institutions to achieve the SDGs, it also shapes their approach to humanitarian, development and peace actions, particularly in fragile and conflict-affected situations.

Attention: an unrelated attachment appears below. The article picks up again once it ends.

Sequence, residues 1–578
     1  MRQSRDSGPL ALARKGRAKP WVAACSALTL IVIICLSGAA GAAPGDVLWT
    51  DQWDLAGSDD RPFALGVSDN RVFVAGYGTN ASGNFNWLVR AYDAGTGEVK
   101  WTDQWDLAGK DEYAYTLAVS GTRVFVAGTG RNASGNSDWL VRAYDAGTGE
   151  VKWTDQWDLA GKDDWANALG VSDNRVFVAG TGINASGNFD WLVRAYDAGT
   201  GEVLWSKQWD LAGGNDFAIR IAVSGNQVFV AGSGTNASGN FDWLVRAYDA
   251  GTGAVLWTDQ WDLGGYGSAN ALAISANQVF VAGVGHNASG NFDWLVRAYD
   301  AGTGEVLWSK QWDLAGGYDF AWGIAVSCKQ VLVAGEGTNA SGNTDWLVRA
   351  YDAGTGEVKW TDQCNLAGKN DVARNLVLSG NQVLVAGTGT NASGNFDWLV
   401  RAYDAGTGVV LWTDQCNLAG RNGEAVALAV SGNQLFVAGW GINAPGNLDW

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SDG 16+ is instrumental in protecting fundamental freedoms and ensuring that no one is left behind — With shrinking civic space across the globe, many civil society actors are faced with barriers to inclusion and participation both on- and off-line. This includes threats to the personal safety of human rights activists and defenders, who are often prevented from participating meaningfully in development planning and policy making processes. This trend risks excluding from policy making the needs and voices of the most vulnerable in society, including women, children, youth, refugees, asylum-seekers, internally displaced and stateless people. — Governance institutions and decision-making processes rooted in a human rights-based approach to development are critical to the achievement of SDG 16+ and to ensuring that no one is left behind. Bold reforms in making governance institutions more people-centered, responsive, effective and accountable in line with SDG 16+ principles will increase the resilience of societies to conflict by better integrating minority and marginalized voices. Institutions must not only be accountable and transparent, but also more participative, inclusive, responsive and representative. They must operate in accordance with the rule of law and human rights principles of non-discrimination and equality.